Friday, March 4, 2011

Review: Smart, Craft & Sharp from Andrea Maack (2010)


There are some people out there who think that Gus Van Sant's remake of Psycho is superior to Hitchcock's original. Even though they fully understand that the newer version is pretty much a shot-by-shot reconstruction, they insist it brings something better to the story. As someone who spent several years immersed in the world of film studies - and therefore knows that there are all sorts of clever ways of rationalising personal preferences - my response to that is: "Fair enough... but I'm sticking with Hitch."
 
A similar problem is raised by the three perfumes released by Icelandic artist, Andrea Maack. I'm willing to skirt around the issue that they were originally designed not to be worn, but to scent the air at an art installation, or, as Maack would have us believe, to become an integral, olfactory component of an art installation. After all, there have been other times in the past when perfumes have been relocated from their original contexts, occasionally with great success. What I'm less willing to do is ignore the fact that they're derivative.

After a brief candle-smoke opening, Smart enters woody, rubbery, spicy territory that immediately evokes Annick Ménardo's Bulgari Black, minus the depth and complexity. Craft is essentially the smell of Badedas soap: a refreshing chestnuts-and-pine combo which, unless I'm mistaken, is achieved predominantly by bornyl acetate. And Sharp basically conveys the same sweet/fuzzy, citrus/musky oddness to be found in ELDO's Divin'Enfant.

Of the three, the one that's least like its 'original' is probably Sharp, in the sense that it doesn't feature all the layers to be found in ELDO's creation. It comes across like little more than one-third of its progenitor, stripping away Divin'Enfant's sugary floral aspect to leave the weirdness reminiscent of the synthetically scented erasers collected by thousands of primary school kids in the early 80s. But Craft is perhaps the most enjoyable, because I'm pretty sure it marks the first time that the heavenly aroma of Badedas has been bottled as a wearable perfume. And if you were to buy it, just think how little you'd have to spend on a matching shower gel!

It goes without saying that there are countless perfumes I have never tried. You can't keep up with everything, right? This means that there will inevitably be occasions in the future when a fragrance that's a copy of an earlier release will seem original to me. Indeed, if it hadn't been for @archmemory, one of my Twitter followers, I wouldn't have seen the link between Sharp and ELDO. So I'll leave you with this little conundrum:

i) The Coen Brothers' latest film is a remake of True Grit.
ii) I haven't seen the original, which is, by most accounts, a masterpiece.
iii) I found the Coens' version quite wonderful.

Does this mean I'm being too hard on Gus and Andrea?

[Review based on samples of eau de parfum obtained in 2011; fragrances tested on skin.]

Persolaise.

6 comments:

  1. Well, in paiting, if you do something quite derivative of another artist, you title the painting, "Homage a' >______". I've done a number of these based on works by Haitian artists that were destroyed in the earthquake, just for my personal collection. You let people know, "This is based on work by...." And if it's a copy, you have to make that very clear. So I think you're right to be critical, if she has been making homages without attribution.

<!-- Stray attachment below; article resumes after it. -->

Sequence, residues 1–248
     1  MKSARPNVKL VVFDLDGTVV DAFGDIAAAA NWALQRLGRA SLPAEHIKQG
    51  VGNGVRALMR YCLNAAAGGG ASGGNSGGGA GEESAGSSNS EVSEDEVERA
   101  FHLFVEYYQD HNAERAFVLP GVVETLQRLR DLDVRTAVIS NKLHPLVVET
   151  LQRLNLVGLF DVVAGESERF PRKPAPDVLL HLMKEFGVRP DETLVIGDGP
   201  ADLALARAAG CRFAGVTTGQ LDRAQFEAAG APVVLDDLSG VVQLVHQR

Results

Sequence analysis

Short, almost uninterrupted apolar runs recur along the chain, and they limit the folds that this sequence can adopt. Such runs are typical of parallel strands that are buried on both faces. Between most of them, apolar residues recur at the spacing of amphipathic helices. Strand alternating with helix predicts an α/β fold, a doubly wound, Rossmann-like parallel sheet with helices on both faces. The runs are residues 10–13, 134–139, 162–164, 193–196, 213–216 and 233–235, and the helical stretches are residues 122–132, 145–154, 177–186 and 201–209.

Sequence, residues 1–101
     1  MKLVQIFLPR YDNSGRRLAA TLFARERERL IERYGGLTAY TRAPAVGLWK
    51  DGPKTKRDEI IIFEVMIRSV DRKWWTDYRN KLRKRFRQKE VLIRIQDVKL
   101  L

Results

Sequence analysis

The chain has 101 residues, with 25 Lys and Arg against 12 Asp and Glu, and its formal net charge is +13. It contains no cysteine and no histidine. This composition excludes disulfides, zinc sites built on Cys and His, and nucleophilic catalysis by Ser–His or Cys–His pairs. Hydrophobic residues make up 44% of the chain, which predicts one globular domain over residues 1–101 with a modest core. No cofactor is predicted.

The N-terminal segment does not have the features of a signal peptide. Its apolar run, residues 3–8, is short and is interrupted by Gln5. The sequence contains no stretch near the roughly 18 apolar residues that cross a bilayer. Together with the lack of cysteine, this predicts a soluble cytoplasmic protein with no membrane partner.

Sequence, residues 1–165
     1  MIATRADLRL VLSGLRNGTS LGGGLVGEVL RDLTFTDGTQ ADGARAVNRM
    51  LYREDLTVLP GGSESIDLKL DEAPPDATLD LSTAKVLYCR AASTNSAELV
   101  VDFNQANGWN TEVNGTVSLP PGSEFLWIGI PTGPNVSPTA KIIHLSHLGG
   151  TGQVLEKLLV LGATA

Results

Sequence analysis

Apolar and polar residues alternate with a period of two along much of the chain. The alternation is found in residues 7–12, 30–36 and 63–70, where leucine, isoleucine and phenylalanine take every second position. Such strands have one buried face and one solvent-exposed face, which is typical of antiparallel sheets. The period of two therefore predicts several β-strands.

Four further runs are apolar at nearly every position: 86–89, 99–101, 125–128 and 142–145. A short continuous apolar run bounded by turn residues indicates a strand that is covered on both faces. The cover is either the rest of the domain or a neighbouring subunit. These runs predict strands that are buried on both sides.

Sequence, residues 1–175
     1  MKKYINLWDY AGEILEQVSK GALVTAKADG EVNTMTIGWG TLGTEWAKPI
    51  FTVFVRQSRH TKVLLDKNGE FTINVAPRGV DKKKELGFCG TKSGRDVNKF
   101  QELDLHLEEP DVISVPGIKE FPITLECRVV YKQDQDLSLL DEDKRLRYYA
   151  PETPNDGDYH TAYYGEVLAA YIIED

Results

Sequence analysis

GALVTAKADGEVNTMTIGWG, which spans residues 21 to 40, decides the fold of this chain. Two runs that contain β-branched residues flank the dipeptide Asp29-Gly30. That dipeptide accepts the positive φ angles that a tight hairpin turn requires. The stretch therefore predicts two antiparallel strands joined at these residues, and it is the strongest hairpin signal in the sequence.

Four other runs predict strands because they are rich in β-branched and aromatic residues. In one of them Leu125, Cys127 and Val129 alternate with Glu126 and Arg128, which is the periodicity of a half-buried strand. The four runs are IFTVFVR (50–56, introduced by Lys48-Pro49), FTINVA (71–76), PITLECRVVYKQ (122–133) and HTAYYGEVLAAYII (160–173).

-Marla

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  2. I hate to be a film nerd but ... the problems with the Gus version are primarily aesthetic. The choice of colour as opposed to black-and-white, the patterned shower curtain (it's distracting from what appears through the door rather than obscuring), and the unnecessary masturbation when peering through the peephole - these are just the "crimes" I remember. It's a failure because it's imaginatively weak. Whereas the Coen brothers' "True Grit" imagines the language of the original novel (which is sadly lacking from the John Wayne version) into a cinematic equivalent. Perhaps, in the endless re-figuring and re-mixing and dubbing that is 21C culture, all we have left is a sense of authenticity to replace the chimera of originality.

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  3. I think I posted a (now lost) comment somewhere about the evocative scent of Badedas, which was the height of bathtime sophistication and luxury in the pre-Molton Brown days when I was growing up. Do you suppose Things Happen when you apply Craft....?

    Sharp, the one that smells like Divin'Enfant, doesn't sound like my kind of thing. "Cold tobacco and marshmallow accord" was never going to be the most felicitous of note combinations.

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  4. Marla, Maack has been very open about the fact that she's not the nose behind the perfumes; she simply commissioned a French perfume house to create some fragrances for her. So I wonder if she's even aware of the similarities with ELDO et al.

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  5. Richard, please don't hate being a film nerd. Some of my favourite people are film nerds.

    And yes, you're absolutely right, there are numerous problems in Van Sant's version. I seem to recall a pointless montage in the first murder scene.

    The Maack scents don't bring anything interesting or wortwhile to perfumery, in the same way that the Psycho remake was a fairly pointless exercise.

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  6. Vanessa, I can think of one thing that might happen when you apply Craft. You might make a beeline for your nearest Sainsbury's and buy some Badedas!

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